Under pressure from the BMA over concerns that the NHS is heading for a price-war, the Government has amended the Health Bill and removed references to the tariff paid for different services being the ‘maximum price’. This would have allowed private companies to undercut the NHS by cherry-picking easy cases. The price regulator Monitor can still ‘specify different prices for different providers’ based on ‘unavoidable’ cost differences. But it supposedly can’t mimic the absurdity of the Labour reforms and pay private companies more than the NHS to bribe them to take over services.
The BMA’s initial stance on the health reforms was ‘constructive engagement’, having been seduced by the idea that clinicians (especially GPs) would be leading the NHS. Alas, most GPs aren’t keen to be the whipping boys for a very optimistic £20-billion savings programme that will force them to openly ration services. Health Secretary Andrew Lansely’s safety net is to open up the NHS to ‘any willing provider’, and if GPs don’t take up the mantle of commissioning and providing health services, there are plenty of private companies who will. Under pressure from its membership, the BMA has become increasingly hostile to the ‘marketization of the NHS’ and held an angry meeting to debate the reforms on March 15.
These are old arguments, dating back to the Tory’s purchaser-provider split over 20 years ago, and Blair’s subsequent attempt to introduce the ‘constructive discomfort’ of competition into a bloated, self-protective, patchy quality NHS. The BMA has too many vested interests to list, but the evidence strongly suggests that price-competition in healthcare only works if you’re buying stuff (curtains, beds, machines that go ping) rather than services. Treatment is now so complex, from home to general practice to hospital, that collaboration rather than competition is far more likely to improve the NHS. Different bits of the service working in silos, not communicating and obsessed with protecting their pot of money gives you a crap, disjointed service.
Health secretary Andrew Lansely is an identikit Blair, favouring competition on quality, rather than price. We know what quality doesn’t look like (Mid Staffs, Maidstone, ten percent of general practices) but very rarely to patients get a seamless service throughout the NHS with no unnecessary visits, waits, harm or duplication. Lansely’s mantra is ‘no decision about me, without me’ but most patients are clueless about the reforms, have no representation in the GP consortia and are not being consulted about how to improve services or how an increasingly tight budget should be spent.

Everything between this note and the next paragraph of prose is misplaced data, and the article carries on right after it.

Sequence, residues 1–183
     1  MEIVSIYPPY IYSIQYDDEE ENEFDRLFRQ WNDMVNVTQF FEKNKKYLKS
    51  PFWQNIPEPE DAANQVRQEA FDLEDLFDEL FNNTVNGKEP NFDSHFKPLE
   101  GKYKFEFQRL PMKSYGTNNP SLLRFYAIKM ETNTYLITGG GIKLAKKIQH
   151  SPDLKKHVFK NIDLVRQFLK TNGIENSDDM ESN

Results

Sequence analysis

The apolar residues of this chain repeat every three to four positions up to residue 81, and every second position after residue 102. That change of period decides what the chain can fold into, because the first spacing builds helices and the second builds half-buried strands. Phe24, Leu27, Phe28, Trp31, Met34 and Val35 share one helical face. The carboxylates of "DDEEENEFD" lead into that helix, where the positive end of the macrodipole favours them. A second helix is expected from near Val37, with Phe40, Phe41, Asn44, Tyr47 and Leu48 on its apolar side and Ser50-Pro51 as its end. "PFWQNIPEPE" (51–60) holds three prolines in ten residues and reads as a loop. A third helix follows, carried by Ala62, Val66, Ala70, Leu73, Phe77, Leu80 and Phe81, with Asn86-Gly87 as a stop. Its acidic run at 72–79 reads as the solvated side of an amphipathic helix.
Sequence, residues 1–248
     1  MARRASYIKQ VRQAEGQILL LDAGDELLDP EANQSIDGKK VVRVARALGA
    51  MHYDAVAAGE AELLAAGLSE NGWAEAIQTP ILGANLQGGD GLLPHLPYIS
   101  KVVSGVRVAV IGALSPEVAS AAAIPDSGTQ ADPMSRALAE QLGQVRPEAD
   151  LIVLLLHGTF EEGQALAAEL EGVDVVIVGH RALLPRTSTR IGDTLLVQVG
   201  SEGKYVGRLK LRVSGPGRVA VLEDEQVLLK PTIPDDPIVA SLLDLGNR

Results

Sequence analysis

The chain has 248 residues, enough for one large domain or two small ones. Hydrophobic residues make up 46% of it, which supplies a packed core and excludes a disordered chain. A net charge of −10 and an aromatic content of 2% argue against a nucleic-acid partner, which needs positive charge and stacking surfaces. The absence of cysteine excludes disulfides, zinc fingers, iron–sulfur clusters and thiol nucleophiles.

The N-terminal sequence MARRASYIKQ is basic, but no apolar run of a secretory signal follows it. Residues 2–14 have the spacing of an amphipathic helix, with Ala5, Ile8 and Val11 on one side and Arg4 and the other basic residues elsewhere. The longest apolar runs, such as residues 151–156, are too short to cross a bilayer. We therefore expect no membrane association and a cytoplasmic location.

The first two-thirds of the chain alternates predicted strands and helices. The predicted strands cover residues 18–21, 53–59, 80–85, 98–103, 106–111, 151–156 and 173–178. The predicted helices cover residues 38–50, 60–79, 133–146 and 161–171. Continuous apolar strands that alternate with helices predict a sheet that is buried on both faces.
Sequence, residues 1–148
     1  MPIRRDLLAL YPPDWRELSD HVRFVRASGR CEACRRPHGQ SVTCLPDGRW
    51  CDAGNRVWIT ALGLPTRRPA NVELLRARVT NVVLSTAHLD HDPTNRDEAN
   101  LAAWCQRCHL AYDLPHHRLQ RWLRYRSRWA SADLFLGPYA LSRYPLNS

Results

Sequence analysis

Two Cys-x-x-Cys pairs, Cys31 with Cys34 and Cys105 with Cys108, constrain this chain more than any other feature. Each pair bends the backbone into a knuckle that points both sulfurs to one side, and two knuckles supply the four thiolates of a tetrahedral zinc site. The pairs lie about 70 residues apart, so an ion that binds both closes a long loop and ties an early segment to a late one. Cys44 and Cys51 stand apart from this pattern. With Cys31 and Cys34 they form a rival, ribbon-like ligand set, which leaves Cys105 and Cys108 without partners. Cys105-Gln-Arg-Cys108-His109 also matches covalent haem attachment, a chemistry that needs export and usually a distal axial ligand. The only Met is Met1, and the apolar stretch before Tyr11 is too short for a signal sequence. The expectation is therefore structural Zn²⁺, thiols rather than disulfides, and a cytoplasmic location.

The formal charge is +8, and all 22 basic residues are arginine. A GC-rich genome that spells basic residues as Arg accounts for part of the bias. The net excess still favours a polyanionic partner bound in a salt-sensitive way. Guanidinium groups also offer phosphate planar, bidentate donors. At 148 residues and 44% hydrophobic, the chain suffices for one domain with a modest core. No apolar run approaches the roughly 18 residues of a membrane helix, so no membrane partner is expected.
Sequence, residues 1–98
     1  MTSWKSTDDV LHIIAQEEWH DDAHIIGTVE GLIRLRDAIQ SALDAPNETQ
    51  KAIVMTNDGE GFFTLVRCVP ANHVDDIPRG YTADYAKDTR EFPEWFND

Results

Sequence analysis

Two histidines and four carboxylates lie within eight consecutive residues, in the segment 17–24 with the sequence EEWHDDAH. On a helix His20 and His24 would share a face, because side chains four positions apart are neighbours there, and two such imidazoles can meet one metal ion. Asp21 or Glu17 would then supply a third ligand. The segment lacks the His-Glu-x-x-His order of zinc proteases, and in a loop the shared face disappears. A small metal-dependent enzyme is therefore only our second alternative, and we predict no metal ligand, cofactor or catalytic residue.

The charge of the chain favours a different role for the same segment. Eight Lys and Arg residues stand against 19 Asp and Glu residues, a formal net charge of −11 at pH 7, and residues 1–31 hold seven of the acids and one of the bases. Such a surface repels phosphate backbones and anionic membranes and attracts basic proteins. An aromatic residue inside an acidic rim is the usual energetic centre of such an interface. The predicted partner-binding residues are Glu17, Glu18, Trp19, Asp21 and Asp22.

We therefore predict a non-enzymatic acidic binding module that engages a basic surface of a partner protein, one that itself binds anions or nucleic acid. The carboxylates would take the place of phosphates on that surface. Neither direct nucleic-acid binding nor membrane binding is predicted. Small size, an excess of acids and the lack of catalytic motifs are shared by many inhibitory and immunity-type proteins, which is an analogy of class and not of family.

In the event, the BMA bottled it, deciding not to oppose the Health Bill just to shout grumpily at it. The BMA will never strike, even if the members were brave enough to call for it, but Lansley knows that without the engagement, support and leadership of doctors, his reforms are doomed. The Health Bill is ridiculously complicated and policy is being made up on the hoof, but there is no escaping the cuts in services that the financial crisis has precipitated. GPs in consortia are not keen to put their heads above the parapet to announce that local services will have to merge or close simply because there is no money, and are hoping Primary Care Trust managers will do the dirty work before they go under.
If the Government sticks to its budget, closures are inevitable in the next five years, particularly of hospital services. The only way of avoiding harm to patients is for the rest of the NHS to collaborate to try to redistribute the workload. But the market system won’t allow this. Foundation Trust hospitals have been cut free from Whitehall and some are sitting on substantial profits that they aren’t sharing with their impoverished neighbours. Hospitals with huge PFI debts simply aren’t viable in the long term. Patients want the cosy certainty of good quality healthcare on the doorstep when they need it, but unless there is huge investment in community services this isn’t going to happen. The NHS was founded on a pooled-risk principle, where the healthy and rich subsidise the unlucky and feckless. If it focuses on collaboration and prevention, it might just survive as a patchy provider for all. If it allows Foundation Trusts, private companies and GP consortia to chase and keep profits, then you wouldn’t want to be unlucky or feckless.